Video: Properties of Liquids Used in Thermometers

Analog thermometers often rely on the thermal expansion of a liquid to infer the temperature. Which of the following properties would make a liquid a bad choice for use in a thermometer? [A] Low vapor pressure [B] Strongly colored [C] Low reactivity [D] Nonlinear thermal expansion [E] Low toxicity

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Video Transcript

Analog thermometers often rely on the thermal expansion of a liquid to infer the temperature. Which of the following properties would make a liquid a bad choice for use in a thermometer? A) Low vapor pressure. B) Strongly colored. C) Low reactivity. D) Nonlinear thermal expansion. Or E) Low toxicity.

Traditionally, all thermometers were analog given continuous readings and not having digital readouts. Analog thermometers you might come across will probably have a liquid bulb at the bottom, have a colorful liquid inside, and the whole thing will be made out of glass. Analog thermometers are generally used where high accuracy isn’t a priority where a difference of a degree or two is acceptable. But you can get really accurate analog thermometers. These thermometers generally rely on a liquid which changes its volume depending on the temperature. Each thermometer has graduations indicating the temperature of the liquid inside.

In this scenario, we’re being asked about the liquid inside of the monitor. And we have to pick which property would probably be a bad property for the liquid to have. Let’s go through them one by one. A vapor pressure is the pressure of gas above a liquid outside if it’s the only thing in the container. For instance, if we had a container where the only thing inside was water, no air, the vapor pressure would be about three percent of atmospheric pressure. In a thermometer, some of the liquid will evaporate. But it doesn’t really make a difference to the function of the thermometer. However, if we had a particularly high vapor pressure liquid, it’s conceivable that at high temperatures the internal pressure might break the glass. So actually having a low vapor pressure is probably a little bit safer. But all in all, it’s not likely to make a great deal of difference.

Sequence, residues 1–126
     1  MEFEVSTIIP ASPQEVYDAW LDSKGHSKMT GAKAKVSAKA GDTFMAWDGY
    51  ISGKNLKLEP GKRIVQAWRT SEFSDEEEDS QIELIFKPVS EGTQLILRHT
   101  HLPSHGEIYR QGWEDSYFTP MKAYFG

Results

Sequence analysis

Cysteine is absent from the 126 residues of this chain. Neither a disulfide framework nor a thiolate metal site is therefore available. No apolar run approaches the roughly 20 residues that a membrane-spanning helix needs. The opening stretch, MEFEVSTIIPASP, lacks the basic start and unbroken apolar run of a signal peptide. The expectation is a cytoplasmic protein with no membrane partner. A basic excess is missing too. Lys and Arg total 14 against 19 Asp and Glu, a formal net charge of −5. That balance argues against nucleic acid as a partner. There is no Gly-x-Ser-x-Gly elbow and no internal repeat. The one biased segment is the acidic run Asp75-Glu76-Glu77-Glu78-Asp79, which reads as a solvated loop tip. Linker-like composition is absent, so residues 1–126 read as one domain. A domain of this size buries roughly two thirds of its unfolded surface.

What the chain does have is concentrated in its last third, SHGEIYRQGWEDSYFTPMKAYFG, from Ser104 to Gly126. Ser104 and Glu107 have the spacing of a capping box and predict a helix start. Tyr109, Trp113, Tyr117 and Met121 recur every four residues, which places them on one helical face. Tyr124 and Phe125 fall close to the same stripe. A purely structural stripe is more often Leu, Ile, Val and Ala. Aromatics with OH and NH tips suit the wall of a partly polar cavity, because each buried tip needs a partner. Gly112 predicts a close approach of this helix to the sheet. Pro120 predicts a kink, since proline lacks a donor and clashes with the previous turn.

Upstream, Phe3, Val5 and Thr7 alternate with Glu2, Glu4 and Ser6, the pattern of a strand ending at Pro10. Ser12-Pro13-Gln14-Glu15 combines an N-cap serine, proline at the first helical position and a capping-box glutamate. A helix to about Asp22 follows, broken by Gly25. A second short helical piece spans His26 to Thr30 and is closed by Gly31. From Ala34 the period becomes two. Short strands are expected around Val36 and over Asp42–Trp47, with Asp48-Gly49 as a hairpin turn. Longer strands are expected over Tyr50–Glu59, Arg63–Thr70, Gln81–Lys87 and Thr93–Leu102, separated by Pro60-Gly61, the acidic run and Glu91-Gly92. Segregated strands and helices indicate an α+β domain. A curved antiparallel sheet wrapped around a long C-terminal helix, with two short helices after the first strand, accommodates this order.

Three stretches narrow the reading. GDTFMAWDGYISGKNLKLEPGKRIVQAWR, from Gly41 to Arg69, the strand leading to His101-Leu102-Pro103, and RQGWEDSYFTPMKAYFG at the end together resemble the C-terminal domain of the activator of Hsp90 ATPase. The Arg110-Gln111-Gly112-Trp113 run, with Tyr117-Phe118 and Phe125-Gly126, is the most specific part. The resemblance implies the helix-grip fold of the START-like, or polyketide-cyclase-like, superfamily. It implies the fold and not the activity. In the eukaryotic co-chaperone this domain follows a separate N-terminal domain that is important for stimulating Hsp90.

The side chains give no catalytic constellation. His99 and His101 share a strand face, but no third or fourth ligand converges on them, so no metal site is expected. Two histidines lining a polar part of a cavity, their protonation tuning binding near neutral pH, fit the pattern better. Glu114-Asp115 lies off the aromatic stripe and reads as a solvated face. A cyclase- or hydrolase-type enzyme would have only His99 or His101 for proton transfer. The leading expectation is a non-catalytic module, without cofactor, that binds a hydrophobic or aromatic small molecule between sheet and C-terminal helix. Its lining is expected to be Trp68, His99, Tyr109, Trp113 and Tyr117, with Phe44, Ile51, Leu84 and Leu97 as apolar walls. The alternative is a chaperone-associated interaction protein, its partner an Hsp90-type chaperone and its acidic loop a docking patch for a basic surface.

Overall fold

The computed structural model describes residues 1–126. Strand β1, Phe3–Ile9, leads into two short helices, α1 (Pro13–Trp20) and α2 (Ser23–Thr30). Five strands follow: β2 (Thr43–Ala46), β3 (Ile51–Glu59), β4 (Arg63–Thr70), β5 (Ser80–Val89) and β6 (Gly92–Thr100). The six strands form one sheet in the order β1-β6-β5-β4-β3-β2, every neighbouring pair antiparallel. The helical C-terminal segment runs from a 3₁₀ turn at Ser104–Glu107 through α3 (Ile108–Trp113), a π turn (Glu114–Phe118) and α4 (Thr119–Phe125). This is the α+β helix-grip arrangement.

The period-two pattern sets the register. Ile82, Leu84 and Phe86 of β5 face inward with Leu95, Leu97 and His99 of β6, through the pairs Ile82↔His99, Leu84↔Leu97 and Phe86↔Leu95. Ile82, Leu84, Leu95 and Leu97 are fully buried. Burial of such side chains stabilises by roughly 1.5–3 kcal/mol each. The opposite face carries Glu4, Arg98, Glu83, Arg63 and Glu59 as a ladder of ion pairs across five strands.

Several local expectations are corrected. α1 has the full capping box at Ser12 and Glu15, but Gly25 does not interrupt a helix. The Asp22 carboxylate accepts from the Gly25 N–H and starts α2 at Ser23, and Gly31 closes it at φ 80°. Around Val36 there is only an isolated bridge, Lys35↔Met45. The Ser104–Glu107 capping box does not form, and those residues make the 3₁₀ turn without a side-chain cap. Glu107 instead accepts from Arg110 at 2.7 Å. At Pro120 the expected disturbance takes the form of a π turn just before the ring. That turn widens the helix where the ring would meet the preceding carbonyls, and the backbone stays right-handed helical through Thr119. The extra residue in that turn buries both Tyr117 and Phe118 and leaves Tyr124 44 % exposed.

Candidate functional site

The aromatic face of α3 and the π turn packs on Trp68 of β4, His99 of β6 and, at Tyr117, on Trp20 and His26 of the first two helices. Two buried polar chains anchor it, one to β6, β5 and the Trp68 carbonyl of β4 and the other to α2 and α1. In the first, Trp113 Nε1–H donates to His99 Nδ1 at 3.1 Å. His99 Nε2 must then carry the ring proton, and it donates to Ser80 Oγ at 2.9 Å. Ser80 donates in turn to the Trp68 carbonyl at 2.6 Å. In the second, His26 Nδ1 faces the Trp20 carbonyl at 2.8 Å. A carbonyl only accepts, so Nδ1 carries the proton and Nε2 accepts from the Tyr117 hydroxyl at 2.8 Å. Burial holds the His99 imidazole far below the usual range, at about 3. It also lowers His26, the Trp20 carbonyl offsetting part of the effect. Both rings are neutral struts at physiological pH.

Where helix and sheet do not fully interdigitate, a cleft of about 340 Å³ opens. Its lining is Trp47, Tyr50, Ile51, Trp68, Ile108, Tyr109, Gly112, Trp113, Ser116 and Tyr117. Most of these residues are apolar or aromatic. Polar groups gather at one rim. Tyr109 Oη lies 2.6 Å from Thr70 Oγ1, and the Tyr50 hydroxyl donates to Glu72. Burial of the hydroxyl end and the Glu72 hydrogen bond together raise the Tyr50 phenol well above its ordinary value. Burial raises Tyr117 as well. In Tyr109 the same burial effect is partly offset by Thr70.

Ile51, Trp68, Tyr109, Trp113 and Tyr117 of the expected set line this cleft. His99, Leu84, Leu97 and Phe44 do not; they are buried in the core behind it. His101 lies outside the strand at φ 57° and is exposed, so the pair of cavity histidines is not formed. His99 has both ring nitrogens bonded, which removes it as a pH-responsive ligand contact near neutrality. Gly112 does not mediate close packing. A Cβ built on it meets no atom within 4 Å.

What about being strongly colored? The truth is being strongly colored is a great thing for a liquid inside of the monitor. It provides contrast, making it easier to read the thermometer. Since it’s actually a good rather than a bad choice, we can move on to the next one. Having a low reactivity liquid inside the thermometer actually makes it safer if the thermometer breaks. It’s also going to be easier to make the thermometer in the first place. So what about nonlinear thermal expansion? Firstly, what does nonlinear thermal expansion mean?

Well, its easier to understand if we’d look at the linear thermal expansion. In a linear thermal expansion, an increase in temperature produces a consistent increase in the volume. Using a liquid with linear thermal expansion in a thermometer means it can be made very simply with even graduations across a glass tube of even thickness. Meanwhile, if we had the same thermometer design but with a liquid with nonlinear thermal expansion, the graduations would have to be uneven. This is not automatically a problem. But it does make it more expensive to make the thermometer. This causes even greater problems when the temperature and volume relationship is much more complex.

So we’ve found an undesirable property for the liquid inside a thermometer, nonlinear thermal expansion. But let’s look at the last option just in case. It should be fairly easy to see that having a low-toxicity liquid in our thermometer makes it a good choice rather than a bad one. It’s safer and it’ll be easier to make the thermometer in the first place. So we have our answer. So the answer to which of the five properties we’ve been given would make a liquid a bad choice for use in a thermometer is nonlinear thermal expansion.

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